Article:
While polls may give us a sense of where the wind is blowing, people are still undecided and, they do not provide insight into the nuts and bolts of coalition building once the results are in. Likewise, there is no way to know what either Prime Minister Netanyahu’s Likud or Benny Gantz’s Blue and White, the two biggest parties polling at around 30 seats each, will do once the victor is tasked with forming a government.

Despite the rivalry between Netanyahu and Gantz, one should not rule out the possibility of the two forming a unity government. The truth is, that may still be better than the current forecast in which Netanyahu forms a government with outwardly racist, anti-democratic, and homophobic parties.

Should some of the smaller right-wing parties — among them Moshe Kahlon’s Kulanu, Avigdor Liberman’s Yisrael Beiteinu, or Naftali Bennett’s New Right party — not pass the threshold, Netanyahu may not have enough partners with whom to form a coalition. Blue and White, on the other hand, has already alienated both the ultra-Orthodox parties (Yair Lapid, Gantz’s second in command, is avowedly anti-Orthodox) and the Arab parties. Thus, even if they get the most votes, it is unclear with whom they could form a coalition beyond Labor and Meretz.

Many Israelis who are interested in doing whatever they can to thwart a far-right government find themselves in a dilemma. Some still do not know who to vote for. There is a sense they feel they have no choice but to vote for Blue and White in order to replace Netanyahu; but if no one votes for the smaller centrist or left-wing parties — Labor, Meretz, the two Arab slates, Gesher or Kulanu — Gantz won’t have a coalition to govern with any way. Meanwhile, if Blue and White doesn’t have a clear majority of votes against Likud, it won’t have any chance of forming a coalition in the first place. The bottom line? There is no good tactical vote this time around, which...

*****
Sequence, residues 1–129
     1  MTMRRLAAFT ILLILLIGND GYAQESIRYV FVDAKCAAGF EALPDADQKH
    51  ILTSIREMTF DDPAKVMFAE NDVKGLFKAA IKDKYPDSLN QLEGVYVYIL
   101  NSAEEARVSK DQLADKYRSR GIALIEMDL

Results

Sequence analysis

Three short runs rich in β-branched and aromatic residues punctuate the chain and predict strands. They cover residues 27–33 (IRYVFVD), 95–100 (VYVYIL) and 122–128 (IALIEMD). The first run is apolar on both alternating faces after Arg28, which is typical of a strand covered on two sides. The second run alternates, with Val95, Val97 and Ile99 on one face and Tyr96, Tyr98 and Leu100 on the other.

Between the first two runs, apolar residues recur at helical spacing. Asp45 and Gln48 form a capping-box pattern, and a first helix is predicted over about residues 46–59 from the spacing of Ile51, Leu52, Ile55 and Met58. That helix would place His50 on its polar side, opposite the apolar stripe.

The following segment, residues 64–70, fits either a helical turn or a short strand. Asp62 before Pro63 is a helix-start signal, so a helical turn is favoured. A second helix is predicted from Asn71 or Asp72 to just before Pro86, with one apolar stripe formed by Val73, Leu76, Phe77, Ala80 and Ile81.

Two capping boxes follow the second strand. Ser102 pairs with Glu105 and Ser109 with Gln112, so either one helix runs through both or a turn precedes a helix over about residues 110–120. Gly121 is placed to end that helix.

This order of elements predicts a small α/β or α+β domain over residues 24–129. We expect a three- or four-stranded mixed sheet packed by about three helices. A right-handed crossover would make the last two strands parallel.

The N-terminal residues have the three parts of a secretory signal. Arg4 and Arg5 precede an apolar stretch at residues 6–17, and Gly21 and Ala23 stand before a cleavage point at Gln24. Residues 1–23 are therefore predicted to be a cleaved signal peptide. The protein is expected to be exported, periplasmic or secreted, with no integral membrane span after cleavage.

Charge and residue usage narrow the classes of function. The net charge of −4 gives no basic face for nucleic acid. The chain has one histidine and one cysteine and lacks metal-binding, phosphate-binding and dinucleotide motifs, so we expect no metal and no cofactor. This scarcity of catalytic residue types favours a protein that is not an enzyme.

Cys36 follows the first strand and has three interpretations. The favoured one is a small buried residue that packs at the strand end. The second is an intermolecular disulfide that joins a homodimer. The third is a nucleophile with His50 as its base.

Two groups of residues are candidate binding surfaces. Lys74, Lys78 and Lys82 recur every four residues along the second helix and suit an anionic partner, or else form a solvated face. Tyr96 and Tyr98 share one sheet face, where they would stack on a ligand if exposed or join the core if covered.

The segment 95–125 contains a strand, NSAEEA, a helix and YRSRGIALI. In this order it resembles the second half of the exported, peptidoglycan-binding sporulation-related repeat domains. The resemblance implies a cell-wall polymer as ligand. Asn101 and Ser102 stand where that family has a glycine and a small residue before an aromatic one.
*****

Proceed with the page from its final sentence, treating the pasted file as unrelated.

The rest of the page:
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Women's March Jewish outreach director: 'Anti-Semitism can be unlearned'

In her first interview since calls began for the Women’s March leadership to resign amid allegations of anti-Semitism, Jewish director of communications Sophie Ellman-Golan speaks about confronting anti-Jewish prejudice within the movement, the attempts to delegitimize the organizers, and how the March is putting forth a more inclusive vision.

After the mass shooting of 11 American Jews in Pittsburgh’s Tree of Life synagogue on October 27, the first person who called Sophie Ellman-Golan — the communications director for the Women’s March — was Linda Sarsour, in tears. She asked Ellman-Golan, “What are we going to do?” and said her next call was going to be to the Islamic Center in Pittsburgh to talk to people there about ways to support the Jewish community.

In the days and weeks following the massacre, even as much of mainstream media was reporting on the disproportionally high levels of white nationalist violence in the U.S., attention pivoted back to the Women’s March’s failure to directly condemn Nation of Islam leader Louis Farrakhan for his anti-Semitism, specifically referring to Jews as “termites” in a speech late last year.

Allegations of anti-Semitism within the leadership intensified after the Jewish American magazine Tablet published a report in which unnamed sources claim that co-presidents Tamika Mallory and Carmen Perez said Jews played a significant role in the African slave trade, and that they berated march co-founder Vanessa Wruble for her Jewish identity. Women’s March denied both allegations.

As a Palestinian-American and vocal supporter of BDS — which the Israeli government and its advocates equate with anti-Semitism — Sarsour has been targeted since joining the Women’s March. But as opposed to Mallory and Perez, Sarsour does not have a relationship with Farrakhan and has worked closely with Jewish communities for years.

The allegations against Mallory and Perez led to calls for the Women’s March leadership to resign, culminating in the withdrawal of partners ahead of the recent march, held on January 21, by the Democratic National Council and National Organization of Women, among others.